The Latte Budget participates in affiliate marketing programs, which means I may earn money or products from the companies mentioned in this post.
In kind of a strange turn in events this year, my husband and I are now both working from home half of the time.
Wait, what does that mean?
My husband, A, works from home a couple of days a week. While I work from home most mornings and on Friday.
So sometimes, we are both home working at the same time. Oh yeah, and we live in a tiny 1000 square foot apartment.
I’d be lying if I said it was easy! Working from home by yourself can be an adjustment, but working with your significant other there at the same time can be downright distracting. Our mornings at work go something like this:
A starts working at 7:00 or so while I workout. I shower, get ready, and get to work. A asks me what I want for dinner. I say I don’t know. I check emails. I ask A if he has paid the water bill. He says he is working. He is then on a conference call conveniently the second I get a phone call from a client. I hang up with my client and stub my toe on the couch and scream *@^!($ out loud while he is on the conference call.
For the record, all of those situations have actually happened.
We struggled hardcore to figure out a system that might work for us. We do have two bedrooms with one of those bedrooms being A’s office space/man cave.
But then…enter our dog.
Our dog is a special kind of dog. He is the kind of dog who cannot be left without a pet for more than 30 seconds. While we certainly love him and spoil the heck out of him, he is also extremely distracting. He does not like A’s office door to be closed because he likes to see both of us at once. And he likes to climb into our laps while we are working.
We have a cat too but she is much more independent 🙂
We both feel truly blessed to be working from home. It saves money and time versus commuting, we can work in our pajamas, and we can take small breaks to get tasks done around the house. We definitely wouldn’t turn over our ability to work from home, but we also would be lying if we said it was easy right off the bat!
So, if any of you are in a similar situation of working from home with limited space, I thought I would share my tips.
Get a Desk
The perks of working remotely are being able to work from a laptop from anywhere. And while that is super convenient sometimes, it definitely helps to have your “space” to where you report to work every day.
Some days, I do just want to put my laptop by my bed so I can wake up, rollover, and get to work. But my work when I do so is so much less quality.
Plus, if you’re working for several hours a day, you will want to spare yourself the long term back pain that you are sure to get from slumping over in bed or on a couch all day.
Get Somewhat Ready for the Day
I “get dressed” for exactly 0% of the days I work from home. Because I do not believe in real pants.
But I do try to shower and change into my “fancy” sweatpants (aka leggings). You truly can focus better when you’re not a complete scuzzball. Trust me.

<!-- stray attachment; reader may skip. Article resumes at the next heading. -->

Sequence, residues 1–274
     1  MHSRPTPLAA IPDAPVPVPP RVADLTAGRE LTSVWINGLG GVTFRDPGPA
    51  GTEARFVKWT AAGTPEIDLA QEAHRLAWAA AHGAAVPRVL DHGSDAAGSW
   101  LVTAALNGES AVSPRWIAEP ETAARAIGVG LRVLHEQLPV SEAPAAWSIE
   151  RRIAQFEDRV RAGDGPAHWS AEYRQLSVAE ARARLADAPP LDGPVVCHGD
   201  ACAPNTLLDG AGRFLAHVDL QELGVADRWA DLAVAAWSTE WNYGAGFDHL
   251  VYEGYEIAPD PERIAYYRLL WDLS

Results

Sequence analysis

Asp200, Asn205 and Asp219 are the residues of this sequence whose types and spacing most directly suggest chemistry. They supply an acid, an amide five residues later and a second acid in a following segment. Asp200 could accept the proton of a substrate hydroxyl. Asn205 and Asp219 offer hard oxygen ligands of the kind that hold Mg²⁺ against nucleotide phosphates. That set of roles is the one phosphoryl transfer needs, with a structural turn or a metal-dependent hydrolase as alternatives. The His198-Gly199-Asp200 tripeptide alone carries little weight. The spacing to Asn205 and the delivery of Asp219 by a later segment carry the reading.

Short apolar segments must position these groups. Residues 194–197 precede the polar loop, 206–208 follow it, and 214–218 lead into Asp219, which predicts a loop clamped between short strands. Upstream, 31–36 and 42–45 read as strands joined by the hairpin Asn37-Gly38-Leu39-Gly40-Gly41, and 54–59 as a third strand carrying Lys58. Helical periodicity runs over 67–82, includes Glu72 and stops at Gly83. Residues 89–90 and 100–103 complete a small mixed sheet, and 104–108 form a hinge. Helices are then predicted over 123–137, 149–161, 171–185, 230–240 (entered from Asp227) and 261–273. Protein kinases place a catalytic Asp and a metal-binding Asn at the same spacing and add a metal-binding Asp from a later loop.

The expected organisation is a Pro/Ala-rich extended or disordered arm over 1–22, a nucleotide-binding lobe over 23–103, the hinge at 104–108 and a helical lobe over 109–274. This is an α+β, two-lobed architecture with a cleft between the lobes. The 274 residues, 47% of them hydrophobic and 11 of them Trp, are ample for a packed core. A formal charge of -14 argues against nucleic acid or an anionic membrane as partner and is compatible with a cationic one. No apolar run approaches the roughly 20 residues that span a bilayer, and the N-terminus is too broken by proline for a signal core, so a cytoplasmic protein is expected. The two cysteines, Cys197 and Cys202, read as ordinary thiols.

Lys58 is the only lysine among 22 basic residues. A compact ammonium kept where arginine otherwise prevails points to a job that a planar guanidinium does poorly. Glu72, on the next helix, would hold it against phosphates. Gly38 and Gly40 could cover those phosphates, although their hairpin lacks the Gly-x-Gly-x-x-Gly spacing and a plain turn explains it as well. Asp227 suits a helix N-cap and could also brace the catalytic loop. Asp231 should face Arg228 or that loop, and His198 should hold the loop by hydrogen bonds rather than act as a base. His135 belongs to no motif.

Get Your Playlist Ready
One of the joys of working from home is that you can truly work in your element. You can bet that for me that means leggings, blasting Chris Stapleton (with headphones if A is home too), and wearing my Snuggie.
I really do have a Snuggie that I 100% recommend.
If you work better with music, take advantage by getting your Spotify playlist ready. Working at home can come with a separate set of distractions, so you really need to prioritize anything that will help you focus.
Stop Doing Chores
This took a really long time for me to come to terms with. When you work from home, it’s so easy to tell yourself that you’ll take a 5 minute break to do whatever. That can easily turn into several hours if you aren’t careful.
I try to take 10-15 minutes every morning to get the chores done. Since I don’t have to commute, I take that time to organize the house for the day.
Set Your Start and Stop Time
It may be tempting (especially if you work for yourself) to give yourself plenty of breaks during the day. Or to start work when you’re ready. Or to stop when you’re bored.
Just like a normal job, it’s important to set your working hours. This not only helps to ensure you get stuff done while working, but it helps moderate work/life balance.
Since your working space may be limited, it’s important to keep the area around you organized and systemized.
Just like at work, be sure to file all of your documents. Keeping your house clean can also help you focus.
One of the biggest advantages of working remotely is your mobility. Maybe you need to work from home a majority of the time, but you can also make sure you have your “mobile office” ready to go.
For most people, this means having a laptop and a portable filing system of sorts.
Communicate With Your Significant Other
If your significant other works at home too, this could mean setting boundaries.
If your significant other works in an office away from home, this also means setting boundaries.
It can be challenging to fully understand the idea of “working from home.” Without having experience working remotely, we tend to all put emphasis of the “from home” part instead of the “working” part. It’s important for a spouse or significant other to understand that even though you are home, you are working.
Working from home can be an enormous blessing. The key is to officify your space to create a space where you can work, create, and grow.
How do you work from home? What tips do you have?